Now that the campaign is over, Donald Trump is no longer willing to fake it. Last year, he insisted, "I love free trade. But I want to make great deals." In his inaugural address, he dropped the masquerade.
"We must protect our borders from the ravages of other countries making our products, stealing our companies and destroying our jobs," he said. "Protection will lead to great prosperity and strength." His formula is simple: "Buy American and hire American." In his vision of the future, we may export but we will never import.
Trump is never more certain than when he is completely clueless. The truth is that protection against foreign trade leads away from prosperity and strength. A country that deprives itself of foreign goods is doing to itself what an enemy might try to do in wartime—cut it off from outside commerce. It is volunteering to impoverish itself.
Countries don't "ravage" us when they make "our" products; they help us. At the risk of belaboring the obvious, the essence of trade—foreign or domestic—is that it makes both buyer and seller better off. Otherwise, they wouldn't bother.
But preventing such mutually agreeable transactions is Trump's dream. Already he has announced he will renegotiate NAFTA and walked away from the Trans-Pacific Partnership, a 12-nation deal that Barack Obama signed but Congress had yet to approve.
Trump may promise "great deals," but he is likely to get—and would probably be content with—no deals. What foreign government will rush to sign an agreement stipulating that our companies will only "buy American and hire American"?
His belief that international commerce is bad for Americans and protection is good for us is not a theory but an ancient superstition. One of the most irrefutable insights of economics is that if a country can buy something abroad for less than the cost of making it at home, it's better off buying it. That transaction allows citizens to consume more for each dollar spent. It makes them richer.
The United States could grow all its fresh fruits and vegetables rather than buy some from Mexico—just as Mexico could grow all the corn and soybeans it needs rather than purchase from us. But the costs would be higher on either side. Open trade allows people in each country to eat more and better.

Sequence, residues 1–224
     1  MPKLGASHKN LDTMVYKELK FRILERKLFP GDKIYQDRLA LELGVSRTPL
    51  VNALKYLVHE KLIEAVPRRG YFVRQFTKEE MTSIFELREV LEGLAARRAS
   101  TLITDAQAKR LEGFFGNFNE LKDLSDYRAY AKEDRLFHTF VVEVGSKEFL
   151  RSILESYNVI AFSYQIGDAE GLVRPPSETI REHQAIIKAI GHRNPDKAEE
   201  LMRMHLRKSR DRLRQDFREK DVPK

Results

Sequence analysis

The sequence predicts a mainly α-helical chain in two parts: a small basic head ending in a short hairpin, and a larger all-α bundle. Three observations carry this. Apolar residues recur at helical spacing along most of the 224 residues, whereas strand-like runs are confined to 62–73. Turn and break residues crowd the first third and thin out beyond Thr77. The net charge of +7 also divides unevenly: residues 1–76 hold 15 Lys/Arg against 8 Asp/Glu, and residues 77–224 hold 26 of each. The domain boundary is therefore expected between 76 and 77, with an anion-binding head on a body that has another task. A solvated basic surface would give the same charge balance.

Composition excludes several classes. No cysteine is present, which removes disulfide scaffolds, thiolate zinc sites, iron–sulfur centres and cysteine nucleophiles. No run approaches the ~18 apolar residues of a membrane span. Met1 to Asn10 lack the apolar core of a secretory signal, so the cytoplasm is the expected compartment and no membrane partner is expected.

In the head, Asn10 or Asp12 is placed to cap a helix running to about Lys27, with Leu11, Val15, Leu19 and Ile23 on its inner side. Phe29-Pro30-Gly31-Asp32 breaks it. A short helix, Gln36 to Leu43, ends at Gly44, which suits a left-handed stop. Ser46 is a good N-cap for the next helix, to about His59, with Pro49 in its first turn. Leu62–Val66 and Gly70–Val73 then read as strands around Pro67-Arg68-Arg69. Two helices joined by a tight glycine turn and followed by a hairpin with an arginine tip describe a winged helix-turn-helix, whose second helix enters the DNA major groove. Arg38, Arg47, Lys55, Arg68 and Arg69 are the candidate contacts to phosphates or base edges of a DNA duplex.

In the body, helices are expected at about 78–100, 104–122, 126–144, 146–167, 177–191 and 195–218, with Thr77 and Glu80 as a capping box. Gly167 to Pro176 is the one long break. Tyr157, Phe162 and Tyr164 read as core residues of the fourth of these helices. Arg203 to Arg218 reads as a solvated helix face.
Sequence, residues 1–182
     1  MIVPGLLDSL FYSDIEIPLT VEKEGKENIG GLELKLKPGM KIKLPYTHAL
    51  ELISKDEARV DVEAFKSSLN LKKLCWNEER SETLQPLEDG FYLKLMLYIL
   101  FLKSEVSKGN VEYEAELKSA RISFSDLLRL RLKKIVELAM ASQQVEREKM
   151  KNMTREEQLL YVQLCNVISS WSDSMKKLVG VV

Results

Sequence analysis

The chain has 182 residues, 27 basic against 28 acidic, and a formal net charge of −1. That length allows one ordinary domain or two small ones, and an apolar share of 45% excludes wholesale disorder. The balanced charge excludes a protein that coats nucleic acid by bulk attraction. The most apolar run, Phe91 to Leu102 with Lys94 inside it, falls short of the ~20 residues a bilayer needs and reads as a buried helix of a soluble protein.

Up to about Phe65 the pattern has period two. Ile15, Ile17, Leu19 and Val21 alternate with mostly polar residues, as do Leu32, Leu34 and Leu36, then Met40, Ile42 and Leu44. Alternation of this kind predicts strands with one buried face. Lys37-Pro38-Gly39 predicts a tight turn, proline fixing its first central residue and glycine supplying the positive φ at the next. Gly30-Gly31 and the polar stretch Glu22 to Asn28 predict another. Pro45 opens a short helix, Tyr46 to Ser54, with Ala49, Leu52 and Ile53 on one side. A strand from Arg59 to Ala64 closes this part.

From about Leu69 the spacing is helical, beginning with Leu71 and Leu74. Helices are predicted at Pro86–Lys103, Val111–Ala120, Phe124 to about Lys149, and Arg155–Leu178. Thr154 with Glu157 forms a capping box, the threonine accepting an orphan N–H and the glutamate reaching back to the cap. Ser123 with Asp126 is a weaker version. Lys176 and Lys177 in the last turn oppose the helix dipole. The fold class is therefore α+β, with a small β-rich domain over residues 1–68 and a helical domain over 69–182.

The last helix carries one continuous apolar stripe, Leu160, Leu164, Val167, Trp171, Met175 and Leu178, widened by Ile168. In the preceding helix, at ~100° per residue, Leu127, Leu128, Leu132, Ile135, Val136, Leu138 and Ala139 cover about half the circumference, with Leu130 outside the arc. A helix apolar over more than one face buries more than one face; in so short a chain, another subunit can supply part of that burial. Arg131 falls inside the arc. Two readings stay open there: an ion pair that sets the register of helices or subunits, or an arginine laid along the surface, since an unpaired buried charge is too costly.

It also allows each economy to produce more. Trump fantasizes that American companies and workers would be better off without foreign competition. But the steel that goes into American cars and the lumber that goes into American houses would be more expensive if it all had to be produced within our borders. In industries deprived of imported supplies, prices would rise, sales would decline and employment would shrink.
The U.S. auto industry has plants in Mexico that make cars sold in the U.S., to the horror of the new president. But if he guts NAFTA, those jobs won't all move here.
A study by the Center for Automotive Research in Ann Arbor, Michigan, said that American firms that ship car parts to Mexico could lose out to suppliers in other countries. Overall, scrapping the accord and setting high tariffs would destroy 31,000 jobs in the U.S. automotive sector.
Trump defends his protectionism by asserting that "every decision on trade" should "be made to benefit American workers and American families." But free trade does exactly that. It's the classic example of a policy that benefits the many while harming the few.
Only about 14,000 Americans are employed making footwear. About 324 million Americans, on the other hand, wear shoes. Putting up barriers to foreign-made shoes would injure far more American workers and families than it would help.
It would also be a drain on the economy. When Obama slapped heavy tariffs on Chinese tires, the Peterson Institute for International Economics found, he saved no more than 1,200 jobs—at an annual cost to consumers of $900,000 per job.
Spending nearly a million dollars to save a job that typically pays $41,000 a year is not a recipe for prosperity. It's the equivalent of selling $20 bills for a dollar apiece. Trump's dream of "buy American and hire American" would work exactly the same way.
Trump, of course, is a business magnate whose companies have sold products made everywhere from China to Honduras. In this case, wisdom lies in following his example, not his advice.
© Copyright 2017 by Creators Syndicate Inc.